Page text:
Keep doing what your doing. I didnt see anything in your style that made you look 40 man. They confuse the term classic style with old people to be one and the same.

      "The key to Success is the Quality of Execution"
      I>0<I

      Comment


        #4
        <blockquote>

        My ex-girlfriend was a fan of it, to an extent. She helped me realize that I'm still young, I don't need to dress like I'm 10 years older, just because. Now, I know that it is a matter of how I want to represent myself, and I realized that I don't want to represent myself as a snobby, stuck up, 20 year old who wishes he was 40.</blockquote>


        It's all about your personality and how you carry yourself. I dress better than most of the people I work with, but they don't view me as snobbish or dressing like an old guy. I'm friendly, pleasant to be around, and I make sure that I wear the clothes, they don't wear me. You ask anyone here, they'd (hopefully) say, "oh yeah, Dave's a great guy, he just likes to dress well."


        MaxMan hit the nail on the head: You dress well for yourself, not for everyone else. That doesn't mean you dress way more or less formal than the situation calls for, it just means you dress well for whatever the setting. You seem to have a pretty good handle on that; just keep in mind that style (and manliness, really) are about approving of yourself, not seeking the approval of others.


        And be cautious about putting too much weight on women's opinions on men's clothing. Most women don't know men's fashion any better than men. Women are also much more attracted to confidence than they are to particular clothes.

        Comment


          #5
          <blockquote>

          And be cautious about putting too much weight on women's opinions on men's clothing. Most women don't know men's fashion any better than men. Women are also much more attracted to confidence than they are to particular clothes. </blockquote>


          That part is especially true! My older sister (26) was with me when I was buying my suit and getting it fitted for me. (Three piece, light chalk stripe, navy blue, RL, 2 button, single vent) I was asking for the seat to be taken in, legs pegged, cuffs shortened, sleeves taken in and shortened, darts sewn in for my waist and the length shortened. All things I knew I wanted, knew how much I wanted, and knew that it would improve the shape of the suit for my body.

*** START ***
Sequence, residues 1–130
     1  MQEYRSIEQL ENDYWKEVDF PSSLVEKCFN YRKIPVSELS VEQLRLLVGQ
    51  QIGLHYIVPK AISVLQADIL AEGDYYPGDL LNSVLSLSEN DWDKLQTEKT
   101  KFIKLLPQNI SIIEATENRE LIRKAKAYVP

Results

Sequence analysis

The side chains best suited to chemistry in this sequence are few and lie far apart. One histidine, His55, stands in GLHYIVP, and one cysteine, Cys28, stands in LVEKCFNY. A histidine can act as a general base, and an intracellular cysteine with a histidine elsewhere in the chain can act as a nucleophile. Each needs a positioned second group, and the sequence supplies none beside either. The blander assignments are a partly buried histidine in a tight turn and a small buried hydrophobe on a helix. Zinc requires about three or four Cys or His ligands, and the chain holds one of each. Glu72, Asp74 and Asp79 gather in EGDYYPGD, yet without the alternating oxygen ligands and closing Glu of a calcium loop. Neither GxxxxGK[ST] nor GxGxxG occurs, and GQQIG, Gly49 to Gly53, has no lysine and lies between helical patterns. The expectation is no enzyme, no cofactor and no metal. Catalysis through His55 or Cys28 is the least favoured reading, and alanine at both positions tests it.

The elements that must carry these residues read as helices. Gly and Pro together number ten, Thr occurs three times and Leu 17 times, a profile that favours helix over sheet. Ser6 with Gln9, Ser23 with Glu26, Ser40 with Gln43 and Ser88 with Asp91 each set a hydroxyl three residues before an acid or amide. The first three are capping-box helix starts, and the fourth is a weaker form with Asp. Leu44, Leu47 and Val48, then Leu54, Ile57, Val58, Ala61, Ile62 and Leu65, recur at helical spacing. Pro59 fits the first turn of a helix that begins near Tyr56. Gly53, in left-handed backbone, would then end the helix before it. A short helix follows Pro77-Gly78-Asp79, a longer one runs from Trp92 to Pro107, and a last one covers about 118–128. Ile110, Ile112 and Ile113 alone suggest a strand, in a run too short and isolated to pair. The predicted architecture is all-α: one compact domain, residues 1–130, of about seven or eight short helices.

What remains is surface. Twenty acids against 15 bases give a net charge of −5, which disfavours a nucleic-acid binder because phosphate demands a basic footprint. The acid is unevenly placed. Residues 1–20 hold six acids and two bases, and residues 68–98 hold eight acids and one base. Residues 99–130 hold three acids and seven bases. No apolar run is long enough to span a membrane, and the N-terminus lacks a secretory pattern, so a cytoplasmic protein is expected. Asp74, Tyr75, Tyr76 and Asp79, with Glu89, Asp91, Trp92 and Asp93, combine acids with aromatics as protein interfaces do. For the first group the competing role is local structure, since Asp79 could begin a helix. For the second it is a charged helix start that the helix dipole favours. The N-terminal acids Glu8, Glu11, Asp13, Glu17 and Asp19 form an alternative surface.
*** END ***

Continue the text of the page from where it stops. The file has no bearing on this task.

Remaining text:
Both the lady doing the measuring and my sister were telling me how it would look so terrible, that it wouldn't fit me. When I got my suit back I found that the lady probably made some "adjustments" according to what she thought would make the suit look better. So, now off to the tailor to actually have all the adjustments made.

          Comment


            #6
            <blockquote>

            When I got my suit back I found that the lady probably made some "adjustments" according to what she thought would make the suit look better. So, now off to the tailor to actually have all the adjustments made.</blockquote>


            This happens sometimes. Many tailors are like tattoo artists: They won't do work that they think looks bad. This causes friction when you and the tailor are in disagreement about what looks bad. You have to be politely firm with tailors, and never walk out of the shop without trying the clothes on. It's imperative that you get it exactly how you want it before leaving, otherwise it's just going to hang in your closet until you get rid of it or take back to the tailor.